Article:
If you ask almost anyone over the age of 50 about their memory, they will likely admit that they suspect that their ability to learn and remember things is not as good as it was when they were much younger. As a quasi senior citizen myself, I have first-hand knowledge of this and can definitely relate and empathize. In most cases, it is so subtle and easy to overcome that it will generally not be a source of significant concern. So what if you cannot remember off the top of your head the name of the actor who played Luke in Star Wars, the name of the band that recorded the song Tuesday Afternoon or the name of that new restaurant your friend told you about last week during a casual conversation that was supposed to be really good. So what, if you occasionally forget where you left your keys or to pay a certain bill on time? Frankly, we all have these problems, regardless of age. You can still perform your job as well as you always did, can still do the Wednesday edition of the New York Time’s crossword puzzle as well as you used to, and can still go about all your other daily activities without any apparent noticeable problems. Nobody, but you, appears to notice. Of course these “senior moments” can be frustrating and will often times eat at you all day long until, mysteriously, the answer pops into your head. But, are such gaps harbingers of impending doom? For the overwhelming majority of people, the answer is no. Subtle declines in our ability to efficiently process information are a normal consequence of aging. It will likely be more noticeable to you, if you are someone who works at an intellectually demanding job and less noticeable for those people who do not. Regardless of the demands you place on your brain, there’s only so much information that can be stored and efficiently processed by your brain, regardless of who you are. It is only when such difficulties become more noticeable, not only to you, but others and/or start to truly become disruptive, that it may be worth considering having yourself checked out.
Of course, one of the biggest concerns/fears of the elderly is the possibility of contracting Alzheimer’s or some other form of dementing illness. Alzheimer’s disease is nothing to scoff at. It is an incurable neurological disease that, over time, progressively destroys key areas of the brain that make it possible for a person to think and carry on normal activities of daily living such as carrying on normal conversations, shopping, being able to navigate around familiar places without getting lost, dressing, bathing and even feeding oneself. In its latest stage, those with this disease find themselves entirely dependent on others for their care.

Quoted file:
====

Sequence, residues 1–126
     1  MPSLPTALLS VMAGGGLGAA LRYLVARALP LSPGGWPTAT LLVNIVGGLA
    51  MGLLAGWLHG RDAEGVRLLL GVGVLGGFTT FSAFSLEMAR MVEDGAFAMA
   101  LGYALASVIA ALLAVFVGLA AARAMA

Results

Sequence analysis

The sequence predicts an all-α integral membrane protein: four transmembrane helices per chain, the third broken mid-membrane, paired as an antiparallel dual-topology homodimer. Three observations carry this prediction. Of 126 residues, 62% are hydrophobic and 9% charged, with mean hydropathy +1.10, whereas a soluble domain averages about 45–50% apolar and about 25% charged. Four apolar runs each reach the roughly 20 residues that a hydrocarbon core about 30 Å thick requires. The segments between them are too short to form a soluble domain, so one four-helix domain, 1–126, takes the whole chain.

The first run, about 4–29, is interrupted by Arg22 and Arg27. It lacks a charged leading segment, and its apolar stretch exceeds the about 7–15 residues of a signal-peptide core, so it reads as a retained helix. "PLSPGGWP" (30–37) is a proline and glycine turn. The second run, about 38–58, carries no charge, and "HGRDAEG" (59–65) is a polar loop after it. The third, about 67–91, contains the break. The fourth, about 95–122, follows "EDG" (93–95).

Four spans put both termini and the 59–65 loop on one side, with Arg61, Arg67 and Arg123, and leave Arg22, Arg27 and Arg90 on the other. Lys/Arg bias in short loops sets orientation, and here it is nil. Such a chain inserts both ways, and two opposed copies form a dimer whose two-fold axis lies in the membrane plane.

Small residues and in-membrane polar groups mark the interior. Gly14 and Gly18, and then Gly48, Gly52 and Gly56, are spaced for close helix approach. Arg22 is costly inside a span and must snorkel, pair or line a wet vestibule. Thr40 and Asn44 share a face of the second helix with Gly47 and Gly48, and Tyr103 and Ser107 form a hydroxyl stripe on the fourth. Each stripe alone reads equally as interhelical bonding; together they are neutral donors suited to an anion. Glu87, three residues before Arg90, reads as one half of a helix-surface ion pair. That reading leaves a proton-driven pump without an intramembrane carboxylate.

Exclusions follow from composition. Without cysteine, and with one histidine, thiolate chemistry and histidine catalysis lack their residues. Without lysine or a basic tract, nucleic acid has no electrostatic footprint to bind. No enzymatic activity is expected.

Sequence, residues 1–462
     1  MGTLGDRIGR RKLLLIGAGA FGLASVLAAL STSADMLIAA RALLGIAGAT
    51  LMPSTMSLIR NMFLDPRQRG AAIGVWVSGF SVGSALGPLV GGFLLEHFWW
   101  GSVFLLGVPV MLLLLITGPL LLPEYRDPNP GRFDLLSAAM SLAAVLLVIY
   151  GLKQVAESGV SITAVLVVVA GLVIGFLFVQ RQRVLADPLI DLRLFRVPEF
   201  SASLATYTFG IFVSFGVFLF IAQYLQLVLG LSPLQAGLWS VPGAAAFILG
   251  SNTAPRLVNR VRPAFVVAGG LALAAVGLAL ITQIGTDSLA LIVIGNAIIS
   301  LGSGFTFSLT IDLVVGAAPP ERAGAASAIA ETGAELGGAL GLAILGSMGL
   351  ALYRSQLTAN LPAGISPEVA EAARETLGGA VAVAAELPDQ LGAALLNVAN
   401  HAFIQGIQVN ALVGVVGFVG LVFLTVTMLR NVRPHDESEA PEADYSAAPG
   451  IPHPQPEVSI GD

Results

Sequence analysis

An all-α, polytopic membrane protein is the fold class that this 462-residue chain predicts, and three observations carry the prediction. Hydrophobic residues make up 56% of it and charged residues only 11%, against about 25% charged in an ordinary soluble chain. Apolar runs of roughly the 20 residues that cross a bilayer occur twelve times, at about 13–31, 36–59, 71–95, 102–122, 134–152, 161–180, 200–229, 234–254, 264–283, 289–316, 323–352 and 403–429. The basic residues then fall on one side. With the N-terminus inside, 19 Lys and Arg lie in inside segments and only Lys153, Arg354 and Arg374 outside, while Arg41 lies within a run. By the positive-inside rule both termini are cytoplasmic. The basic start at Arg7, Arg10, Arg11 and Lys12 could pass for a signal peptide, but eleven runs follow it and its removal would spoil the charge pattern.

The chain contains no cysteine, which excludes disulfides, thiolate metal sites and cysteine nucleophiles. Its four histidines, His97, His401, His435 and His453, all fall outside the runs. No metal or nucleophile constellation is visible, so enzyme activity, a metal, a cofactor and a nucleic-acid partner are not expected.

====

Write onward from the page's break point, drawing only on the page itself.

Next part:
So what are some of the early signs or symptoms of Alzheimer’s disease? According to a posting on the Alzheimer’s Association’s website, here are their “10 Early Signs and Symptoms of Alzheimer’s” disease.
- Memory Loss The Disrupts Daily Life
- Challenges in Planning or Solving Problems
- Difficulty Completing Familiar Tasks at Home, at Work or at Leisure
- Confusion with Time or Place
- Trouble Understanding Visual Images and Spatial Relationships
- New Problems with Words in Speaking or Writing
- Misplacing Things or Losing the Ability to Retrace Steps
- Decreased or Poor Judgment
- Withdrawal From Work or Social Activities
- Changes in Mood or Personality
If you or someone you know is experiencing some or all of these signs or symptoms, it might be a good idea to seek out profession help. There are medications to treat, not only the cognitive problems associated with Alzheimer’s disease, but also the mood and/or emotional problems that frequently occur in concert with this disease. It is, therefore, best to first consult your family physician or see a specialist, such as a neurologist or psychiatrist. As a next step, it might be a good idea to submit to neuropsychological testing. Even if no significant deficits in your ability to process information are revealed, the data can serve as a baseline in the event that you and/or your physician feel that you are experiencing a downward trend at some point in the future.
Alzheimer’s disease is also an area of very active research. At any given time, there are many Alzheimer’s Clinical Trials being conducted which attempt to help identify potentially more effective treatments for the memory loss associated with Alzheimer’s disease. Two great sites on the web where you can instantly learn more about the nature of these trials and where they are being conducted can be found at ClinicalTrials.gov or CenterWatch.com.